When you publish data you’ve generated on Dryad, you release it into the public domain under the terms of a Creative Commons Zero (CC0) waiver. The CC0 waiver allows future users to distribute, remix, adapt, and build upon the material in any medium or format, without restriction.
If your dataset includes data derived from other sources you must ensure that formal licensing or terms of service conditions do not conflict with CC0.
Any content that is currently copyrighted, even under a Creative Commons license other than CC0, cannot be redistributed on Dryad unless it is the copyright holder who intends to republish the content.
Dryad has partnered with Zenodo to host any software, scripts, code and/or supplementary files that accompany your data submission. Because non-data files are not always compatible with the CC0 license required by Dryad, you will have the opportunity to choose a separate license for your Zenodo files at the final stage of the submission process. Kindly note, all files uploaded as “Supplemental Information” will be licensed under CC BY.
For more information visit these links: Removing barriers to data reuse with CC0 licensing, Why Does Dryad Use CC0, and Some dos and don’ts for CC0.
Tabular data files are often submitted with non-structural empty cells within the dataframe (i.e., not used to divide dataframes or header rows). There is no consensus across all research disciplines regarding the best way to address empty cells (e.g., White et al., 2013), in large part because they can have myriad connotations depending on the variable and dataset.
Dryad’s general preference is that authors fill in empty cells with an appropriate numerical (e.g., 0, 999), text (e.g., n/a, inapplicable), or symbol (e.g., -) value that is explained in the README in order to minimize ambiguity for potential users. However, exceptions can be made if empty cells are important for analysis using a certain script or software, provided that these cells are explained in the README for users. If empty cells are included and no description of them is provided, the dataset will be returned to the author.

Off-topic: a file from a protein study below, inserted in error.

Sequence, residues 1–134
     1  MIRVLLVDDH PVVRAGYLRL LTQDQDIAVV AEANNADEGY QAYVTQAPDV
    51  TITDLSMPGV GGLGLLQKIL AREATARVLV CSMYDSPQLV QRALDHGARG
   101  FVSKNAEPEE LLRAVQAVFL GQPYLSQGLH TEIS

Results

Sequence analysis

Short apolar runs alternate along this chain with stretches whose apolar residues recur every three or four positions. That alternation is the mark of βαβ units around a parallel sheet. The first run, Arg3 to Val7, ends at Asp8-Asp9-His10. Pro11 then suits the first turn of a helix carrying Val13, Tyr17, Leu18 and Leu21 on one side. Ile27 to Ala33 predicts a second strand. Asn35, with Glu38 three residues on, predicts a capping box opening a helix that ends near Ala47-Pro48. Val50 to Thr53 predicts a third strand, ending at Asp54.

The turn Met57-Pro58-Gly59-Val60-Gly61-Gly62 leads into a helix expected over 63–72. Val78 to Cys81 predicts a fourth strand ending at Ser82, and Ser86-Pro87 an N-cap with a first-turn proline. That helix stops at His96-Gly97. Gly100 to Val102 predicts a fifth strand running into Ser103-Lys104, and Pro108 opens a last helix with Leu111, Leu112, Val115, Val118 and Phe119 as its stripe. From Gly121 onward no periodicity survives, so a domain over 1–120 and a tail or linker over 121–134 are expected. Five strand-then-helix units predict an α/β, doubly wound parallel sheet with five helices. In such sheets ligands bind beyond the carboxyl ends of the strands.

Dryad accepts all file types, but there are instances where curators will send back the dataset for file format issues. These include, but are not limited to:
- Proprietary file formats that cannot be opened without access to specialized software. We require that users across all operating systems must be able to access some version of the files with a freely available software.
- Data in a format that is not optimized for reuse given the data type. For example, we will send back tabular data stored as a PDF or Microsoft Word document.
- Files that produce errors when opening because the file has not been properly converted to the intended format, contains broken links, is password protected, or is corrupted.
Learn more about our preferred file formats.
We’re here to help
Our team of curators will work with you to align with data sharing best practices. make sure your data submission can be found, accessed, easily understood and cited — ultimately contributing to a more open data ecosystem. They’ll also provide guidance to ensure compliance with FAIR principles and grant requirements. For assistance at any time in the submission process, reach out to our helpdesk by emailing firstname.lastname@example.org.